British Museum’s Great Court goes back to the future
Starting on the 11th of September the British Museum will be hosting a series of public debates on the Museum’s future and purpose. They should make for interesting listening. Marco Polo’s recent posting of a proposal for the Round Reading Room received a huge response – clearly many want to have their say.
Here Marco Polo offers some pointers for the debate.
Some museums are deeply affecting the moment you cross the threshold. Museums as diverse as the Oxford University Museum, the Cinema Museum in Turin, and the Natural History Museum in Paris are all visually stunning and hit the spot. I’ve revisited each of these museums numerous times to understand why this is the case. I’ve thought about this obsessively for years, and I’ve concluded that they work for two reasons.
Firstly, they are total works of art, in their own right – gesamtkunstwerks – where content, container and atmosphere all align.
Secondly, they all answer the subconscious question – Why am I here? Not just today, but what it means to be alive, to be human.
So the Cinema Museum in Turin is a palace of dreams that captures the marvel of images that move in light, as well as being Italian. And yet it is also a museum of the world’s cinema. The Oxford University Museum melds natural history and architecture, and is both didactic – truth to materials is revealed, each column is another stone from the British Isles – but is also a celebration of nature in architecture, of bones and foliage. (And when it’s bowled you over, you step through another small portal and enter the Pitt Rivers Museum – a ‘double whammy’). In its opening space the Natural History Museum in Paris recreates what God saw on the seventh day when he rested. It is archetypal – Noah’s Ark – but also a story of nature endangered by the tide of human intervention.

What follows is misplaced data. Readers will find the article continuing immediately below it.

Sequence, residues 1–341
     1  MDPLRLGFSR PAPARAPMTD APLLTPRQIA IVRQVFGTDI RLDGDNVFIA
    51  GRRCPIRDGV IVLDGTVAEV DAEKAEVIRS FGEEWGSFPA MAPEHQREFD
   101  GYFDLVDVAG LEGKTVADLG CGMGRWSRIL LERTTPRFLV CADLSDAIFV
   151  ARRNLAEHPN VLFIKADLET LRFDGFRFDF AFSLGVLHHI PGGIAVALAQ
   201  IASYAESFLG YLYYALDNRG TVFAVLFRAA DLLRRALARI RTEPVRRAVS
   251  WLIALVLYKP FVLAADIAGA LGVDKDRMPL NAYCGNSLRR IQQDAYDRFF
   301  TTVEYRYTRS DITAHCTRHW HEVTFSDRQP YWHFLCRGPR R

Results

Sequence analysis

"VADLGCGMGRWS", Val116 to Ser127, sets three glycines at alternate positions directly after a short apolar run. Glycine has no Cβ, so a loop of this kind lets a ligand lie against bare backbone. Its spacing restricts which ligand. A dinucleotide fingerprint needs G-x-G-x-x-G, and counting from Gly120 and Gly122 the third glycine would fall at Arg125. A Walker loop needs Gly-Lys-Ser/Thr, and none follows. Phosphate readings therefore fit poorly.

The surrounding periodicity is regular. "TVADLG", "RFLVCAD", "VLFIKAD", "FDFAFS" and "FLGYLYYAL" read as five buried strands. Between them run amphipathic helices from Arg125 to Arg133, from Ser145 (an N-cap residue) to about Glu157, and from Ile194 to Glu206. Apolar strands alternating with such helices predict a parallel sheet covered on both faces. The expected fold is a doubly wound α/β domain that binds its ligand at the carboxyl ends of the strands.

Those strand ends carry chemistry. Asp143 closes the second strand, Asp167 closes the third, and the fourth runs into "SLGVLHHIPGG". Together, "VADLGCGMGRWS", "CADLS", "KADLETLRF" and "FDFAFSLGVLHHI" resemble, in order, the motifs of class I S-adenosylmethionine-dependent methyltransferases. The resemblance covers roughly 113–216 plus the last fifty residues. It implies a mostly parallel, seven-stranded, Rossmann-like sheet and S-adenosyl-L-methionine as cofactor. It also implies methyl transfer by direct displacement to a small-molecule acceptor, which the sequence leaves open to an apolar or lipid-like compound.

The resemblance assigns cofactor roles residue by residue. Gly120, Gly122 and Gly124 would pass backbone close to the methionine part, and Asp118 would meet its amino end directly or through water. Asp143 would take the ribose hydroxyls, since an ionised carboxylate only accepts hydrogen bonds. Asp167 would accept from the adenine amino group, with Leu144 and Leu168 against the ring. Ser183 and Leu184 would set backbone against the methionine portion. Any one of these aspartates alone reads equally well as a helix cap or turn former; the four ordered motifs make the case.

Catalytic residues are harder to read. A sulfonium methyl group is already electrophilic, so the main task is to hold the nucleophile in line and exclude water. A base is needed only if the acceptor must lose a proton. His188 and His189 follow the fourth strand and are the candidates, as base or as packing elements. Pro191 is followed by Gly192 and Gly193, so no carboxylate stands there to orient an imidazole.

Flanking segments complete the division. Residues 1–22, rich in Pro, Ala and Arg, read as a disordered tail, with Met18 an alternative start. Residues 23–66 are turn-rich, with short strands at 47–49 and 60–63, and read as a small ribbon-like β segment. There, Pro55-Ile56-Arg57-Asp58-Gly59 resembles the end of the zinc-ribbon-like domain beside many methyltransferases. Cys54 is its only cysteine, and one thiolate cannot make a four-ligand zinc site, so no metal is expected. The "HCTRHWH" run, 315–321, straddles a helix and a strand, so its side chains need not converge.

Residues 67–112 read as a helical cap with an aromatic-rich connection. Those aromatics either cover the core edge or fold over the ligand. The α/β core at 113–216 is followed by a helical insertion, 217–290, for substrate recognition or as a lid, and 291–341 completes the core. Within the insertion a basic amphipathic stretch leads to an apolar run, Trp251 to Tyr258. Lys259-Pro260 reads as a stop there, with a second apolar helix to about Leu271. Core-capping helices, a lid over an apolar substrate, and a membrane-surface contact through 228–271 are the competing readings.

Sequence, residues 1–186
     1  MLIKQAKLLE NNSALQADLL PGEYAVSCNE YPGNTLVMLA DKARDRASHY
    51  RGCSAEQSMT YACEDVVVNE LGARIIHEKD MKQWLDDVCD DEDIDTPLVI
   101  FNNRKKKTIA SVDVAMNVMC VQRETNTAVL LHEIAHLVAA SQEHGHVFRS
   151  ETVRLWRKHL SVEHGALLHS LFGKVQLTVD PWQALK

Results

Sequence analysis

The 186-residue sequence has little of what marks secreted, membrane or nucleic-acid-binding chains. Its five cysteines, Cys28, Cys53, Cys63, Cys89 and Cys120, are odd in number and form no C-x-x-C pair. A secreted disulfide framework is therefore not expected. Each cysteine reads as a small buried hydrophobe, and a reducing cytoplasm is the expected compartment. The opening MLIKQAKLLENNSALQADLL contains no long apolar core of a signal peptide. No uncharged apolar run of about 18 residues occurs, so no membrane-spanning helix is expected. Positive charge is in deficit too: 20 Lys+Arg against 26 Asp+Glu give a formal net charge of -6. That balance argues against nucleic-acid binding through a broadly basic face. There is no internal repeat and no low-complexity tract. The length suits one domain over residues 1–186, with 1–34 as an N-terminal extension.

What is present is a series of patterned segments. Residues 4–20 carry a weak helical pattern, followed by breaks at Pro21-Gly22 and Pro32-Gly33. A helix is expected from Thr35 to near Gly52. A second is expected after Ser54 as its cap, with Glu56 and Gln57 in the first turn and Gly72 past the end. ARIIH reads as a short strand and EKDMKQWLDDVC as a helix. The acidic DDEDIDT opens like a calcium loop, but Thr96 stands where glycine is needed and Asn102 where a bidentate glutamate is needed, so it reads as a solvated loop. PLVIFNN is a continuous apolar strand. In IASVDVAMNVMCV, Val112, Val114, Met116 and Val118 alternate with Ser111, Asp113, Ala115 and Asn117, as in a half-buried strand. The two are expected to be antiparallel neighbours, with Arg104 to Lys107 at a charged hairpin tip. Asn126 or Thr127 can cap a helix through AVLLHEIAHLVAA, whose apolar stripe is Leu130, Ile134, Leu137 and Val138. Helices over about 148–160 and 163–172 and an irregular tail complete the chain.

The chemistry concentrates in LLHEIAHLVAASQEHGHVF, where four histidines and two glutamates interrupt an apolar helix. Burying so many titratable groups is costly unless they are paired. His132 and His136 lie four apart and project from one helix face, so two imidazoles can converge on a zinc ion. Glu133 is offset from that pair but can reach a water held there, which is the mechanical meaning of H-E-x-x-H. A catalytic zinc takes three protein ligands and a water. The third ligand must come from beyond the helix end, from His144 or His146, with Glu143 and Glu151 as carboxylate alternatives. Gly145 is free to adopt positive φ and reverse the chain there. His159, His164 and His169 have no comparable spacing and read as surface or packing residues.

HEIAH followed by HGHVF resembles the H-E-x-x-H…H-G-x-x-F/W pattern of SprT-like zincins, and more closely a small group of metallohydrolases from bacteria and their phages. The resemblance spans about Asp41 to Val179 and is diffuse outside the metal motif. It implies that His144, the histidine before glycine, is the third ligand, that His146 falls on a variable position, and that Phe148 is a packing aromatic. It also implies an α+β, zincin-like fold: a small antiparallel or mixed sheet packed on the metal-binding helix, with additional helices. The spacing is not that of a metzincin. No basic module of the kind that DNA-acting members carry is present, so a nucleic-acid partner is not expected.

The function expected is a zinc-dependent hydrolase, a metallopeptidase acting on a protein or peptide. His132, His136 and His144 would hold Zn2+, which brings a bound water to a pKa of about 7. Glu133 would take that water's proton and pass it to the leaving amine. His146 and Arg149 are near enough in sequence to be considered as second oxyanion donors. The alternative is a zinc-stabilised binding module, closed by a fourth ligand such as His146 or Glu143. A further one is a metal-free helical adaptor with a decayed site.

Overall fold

The point about these exemplar museums is that it is content and meaning that drives them, whereas in many museum developments in recent decades it has been architecture that dominates. The result is spaces half empty rather than half full.
The British Museum’s Great Court (which envelopes the Round Reading Room) has a classic container/content challenge. It isn’t enough for the architecture to be a stand-alone work of art. The diamond grid of the Great Court roof is an elegant, high-tech solution but the space beneath is driven by catering, by corporate entertainment and by processing large numbers of culture-consuming tourists. There is a distinct phenomenon in contemporary museums of container and content being out of balance, with too much architecture and not enough content.
Marco Polo has already suggested one content-based way of bringing life and meaning to the heart of the Museum in its suggested transformation of the Round Reading Room. A similar approach could transform the Great Court. It too could become a content-rich and deeply moving ‘Why am I here?’ space. Look at the image at the top of this page, and see how this space could be transformed, when filled with statues, stelae, reliefs, totems – all the ways from around the world that human beings have worked with stone. Imagine also how it relates to our proposed redisplay of the Round Reading Room – the Great Court being about Image and the Round Reading Room about Word, and both working together.
It is artefacts and stories that put meaning into a space but with the container/content relationship out of balance and the architecture dominating, the risk is that artefacts will begin to feel like clutter. Yet in the 19th century our intervention would have been perfectly normal because the Great Court space would have been a content space. Think of those magnificent images of the Great Exhibition in the Crystal Palace. It was not just a great container but also held wonderful and stunning displays – theatre that transformed it. But then Paxton, remember, started out as a gardener at Chatsworth.
So what if the British Museum commissioned a new Masterplan that addresses the Great Court as a ‘Who am I?’ space?
All my experience planning museums tells me that there could be some surprises here – and the bonus would be that the Great Court and the Round Reading Room would celebrate ‘Who are we?’ for a fraction of the capital spend on buildings. (And I don’t believe there is any problem making corporate hospitality work with artefacts.) That would put the British Museum up there with the Oxford University Museum and the Pitt Rivers – truly the World’s Museum.
By Stephen Greenberg